It’s the US view that poor labour standards distort global markets and are a barrier to US businesses and workers competing on a level playing field.
The deal with Mexico and Canada prohibits them from importing goods from countries that use forced or compulsory labour, including forced or compulsory child labour. It provides for mandatory inspection of facilities to be sure of compliance in those countries.
Labour provisions in Kenya could therefore have a direct impact on its trade with China, member states of the East African Community and other African states. It could mean that entities that are neither American nor Kenyan are inspected.
While the US has the capacity and resources to monitor labour conditions in Kenya and to enforce relevant provisions of the STIP, neither the Kenyan government nor its private sector has the capacity to do so in the US. So the spotlight will be on Kenya while labour rights violations in the US are likely to be swept under the carpet.
Despite a plethora of laws and regulations purporting to protect workers in the US, violations are commonplace, particularly among migrant workers. Forced labour and human trafficking of migrant farm workers in the US is rampant.
Until recently, migrant workers in the US were coerced into continuing to work despite violations of their rights.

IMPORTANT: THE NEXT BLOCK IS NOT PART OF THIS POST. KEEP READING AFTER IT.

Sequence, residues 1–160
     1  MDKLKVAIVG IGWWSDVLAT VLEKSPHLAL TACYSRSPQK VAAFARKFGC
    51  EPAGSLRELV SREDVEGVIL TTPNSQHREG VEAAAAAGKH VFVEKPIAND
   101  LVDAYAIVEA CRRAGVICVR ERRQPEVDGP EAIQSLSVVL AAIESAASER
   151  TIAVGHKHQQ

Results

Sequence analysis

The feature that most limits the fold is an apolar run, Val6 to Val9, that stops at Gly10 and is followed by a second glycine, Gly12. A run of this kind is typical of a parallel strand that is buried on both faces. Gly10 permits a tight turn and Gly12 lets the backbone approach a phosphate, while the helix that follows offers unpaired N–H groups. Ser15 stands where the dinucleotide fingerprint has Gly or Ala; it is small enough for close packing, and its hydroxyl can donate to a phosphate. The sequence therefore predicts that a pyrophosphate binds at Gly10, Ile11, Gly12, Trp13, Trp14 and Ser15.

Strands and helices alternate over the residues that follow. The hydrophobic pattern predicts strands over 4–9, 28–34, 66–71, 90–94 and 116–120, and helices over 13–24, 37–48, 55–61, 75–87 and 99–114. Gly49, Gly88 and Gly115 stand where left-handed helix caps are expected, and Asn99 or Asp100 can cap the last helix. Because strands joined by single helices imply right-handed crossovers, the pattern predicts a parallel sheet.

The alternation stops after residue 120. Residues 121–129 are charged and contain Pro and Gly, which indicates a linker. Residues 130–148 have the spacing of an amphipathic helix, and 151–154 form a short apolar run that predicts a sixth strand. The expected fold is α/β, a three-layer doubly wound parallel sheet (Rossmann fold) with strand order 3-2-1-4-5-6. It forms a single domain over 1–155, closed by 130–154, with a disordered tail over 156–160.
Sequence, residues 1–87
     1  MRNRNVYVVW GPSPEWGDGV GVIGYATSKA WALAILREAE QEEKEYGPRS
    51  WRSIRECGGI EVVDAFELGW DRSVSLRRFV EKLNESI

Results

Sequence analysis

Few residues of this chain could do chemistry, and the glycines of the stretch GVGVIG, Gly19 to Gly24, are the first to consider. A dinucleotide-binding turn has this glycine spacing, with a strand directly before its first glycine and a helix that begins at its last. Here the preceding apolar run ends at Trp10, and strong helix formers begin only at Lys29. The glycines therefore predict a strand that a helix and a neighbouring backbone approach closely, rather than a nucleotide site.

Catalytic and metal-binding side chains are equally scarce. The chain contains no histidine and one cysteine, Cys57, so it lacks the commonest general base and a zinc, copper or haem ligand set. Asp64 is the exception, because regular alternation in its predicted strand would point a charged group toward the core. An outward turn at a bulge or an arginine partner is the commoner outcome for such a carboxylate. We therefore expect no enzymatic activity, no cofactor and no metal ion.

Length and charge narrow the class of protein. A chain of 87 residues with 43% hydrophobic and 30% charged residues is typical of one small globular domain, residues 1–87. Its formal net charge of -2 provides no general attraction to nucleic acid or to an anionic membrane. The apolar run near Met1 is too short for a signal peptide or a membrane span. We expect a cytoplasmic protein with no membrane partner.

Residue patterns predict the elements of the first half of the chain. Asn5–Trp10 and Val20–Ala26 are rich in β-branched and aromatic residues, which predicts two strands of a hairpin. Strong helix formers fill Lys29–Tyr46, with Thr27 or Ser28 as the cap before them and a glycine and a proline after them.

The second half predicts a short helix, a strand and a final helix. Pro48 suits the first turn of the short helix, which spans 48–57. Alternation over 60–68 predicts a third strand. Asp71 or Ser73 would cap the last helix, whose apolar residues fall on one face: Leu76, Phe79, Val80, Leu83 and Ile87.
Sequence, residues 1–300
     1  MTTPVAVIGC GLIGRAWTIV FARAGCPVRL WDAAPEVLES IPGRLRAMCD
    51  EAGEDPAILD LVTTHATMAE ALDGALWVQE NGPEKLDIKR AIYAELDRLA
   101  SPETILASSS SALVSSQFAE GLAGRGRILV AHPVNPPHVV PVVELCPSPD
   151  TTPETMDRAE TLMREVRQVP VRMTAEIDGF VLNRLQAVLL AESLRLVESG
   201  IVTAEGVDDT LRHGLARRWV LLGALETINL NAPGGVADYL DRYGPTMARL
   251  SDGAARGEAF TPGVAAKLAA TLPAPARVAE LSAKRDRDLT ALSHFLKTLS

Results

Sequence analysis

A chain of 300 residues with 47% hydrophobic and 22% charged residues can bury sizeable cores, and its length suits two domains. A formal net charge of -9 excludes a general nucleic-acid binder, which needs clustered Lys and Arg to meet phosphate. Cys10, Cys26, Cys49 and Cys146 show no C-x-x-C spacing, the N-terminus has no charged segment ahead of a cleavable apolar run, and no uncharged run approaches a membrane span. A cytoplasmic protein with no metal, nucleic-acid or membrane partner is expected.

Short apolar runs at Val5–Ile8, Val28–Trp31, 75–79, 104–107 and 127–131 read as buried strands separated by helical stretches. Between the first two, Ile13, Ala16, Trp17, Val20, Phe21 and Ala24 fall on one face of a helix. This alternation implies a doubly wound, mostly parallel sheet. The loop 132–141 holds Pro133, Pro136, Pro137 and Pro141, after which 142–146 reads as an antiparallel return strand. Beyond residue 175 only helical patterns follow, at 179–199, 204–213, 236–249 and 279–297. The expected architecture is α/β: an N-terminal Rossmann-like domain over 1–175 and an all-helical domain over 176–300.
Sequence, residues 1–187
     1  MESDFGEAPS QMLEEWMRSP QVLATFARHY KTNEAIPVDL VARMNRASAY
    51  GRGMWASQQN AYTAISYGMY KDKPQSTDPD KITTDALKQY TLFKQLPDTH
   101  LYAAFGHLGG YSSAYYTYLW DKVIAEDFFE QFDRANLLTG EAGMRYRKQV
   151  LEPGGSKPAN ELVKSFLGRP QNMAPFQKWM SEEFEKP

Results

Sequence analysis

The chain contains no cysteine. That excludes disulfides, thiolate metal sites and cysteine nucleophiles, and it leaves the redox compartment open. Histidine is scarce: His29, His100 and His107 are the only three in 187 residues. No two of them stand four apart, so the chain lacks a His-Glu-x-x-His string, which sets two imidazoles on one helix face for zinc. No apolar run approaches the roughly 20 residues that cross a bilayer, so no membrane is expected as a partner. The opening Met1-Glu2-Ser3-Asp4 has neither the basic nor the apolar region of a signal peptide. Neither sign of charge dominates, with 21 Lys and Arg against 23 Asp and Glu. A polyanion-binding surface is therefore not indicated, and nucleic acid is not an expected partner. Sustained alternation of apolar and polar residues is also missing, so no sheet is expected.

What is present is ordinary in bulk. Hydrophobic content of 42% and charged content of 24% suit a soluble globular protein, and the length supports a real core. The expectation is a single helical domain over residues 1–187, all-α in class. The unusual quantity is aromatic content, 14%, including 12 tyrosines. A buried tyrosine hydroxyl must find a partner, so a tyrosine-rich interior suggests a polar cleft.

High implementation costs
The cost of implementing labour provisions is significant. Substantial resources will be required to amend laws, appoint and train inspectors, and monitor compliance. Maintaining good records, establishing labour-management committees and providing arbitration services comes with costs.
Under the deal with Mexico and Canada, a decision made by a Party on the provision of enforcement resources does not excuse a Party’s failure to comply to enforce its labor laws.
Workers are the bedrock of the global economy and deserve full protection. Including labour provisions in the STIP could transform Kenya’s labour laws. It could also put pressure on China to take workers’ rights in Africa and Kenya more seriously.
But the idea of embedding robust labour obligations in a trade agreement between Kenya and the US is highly controversial and should be weighed carefully.
Such bilateral agreements must be scrutinised to ensure that their benefits for Kenya and Kenyan workers outweigh their costs. It’s important too that labour standards are without protectionist motive or effect.
If the Kenya-US deal must contain labour provisions, I have five proposals to make. Kenya must reject pressure to replicate the labour provisions in the US-Mexico pact. They might not be a good template.
The labour provisions should include rights enshrined in core international human rights instruments most of which are yet to be ratified by the US. The issue of implementation costs and capacity constraints must be addressed upfront with binding long-term commitment on the US to provide necessary technical assistance and bear the implementation costs.
The failure of the US government to address labour rights and migrant rights violations in the US, including in the agriculture sector, must also be on the table.
A human rights and sustainability impact assessment of the labour provisions is necessary. Such an impact assessment should take into account vulnerable workers in Kenya including female workers, workers with disability, child workers, as well as workers in the rural areas.
The writer is Professor of International Law, Intellectual Property Law and Food Law, University of Arkansas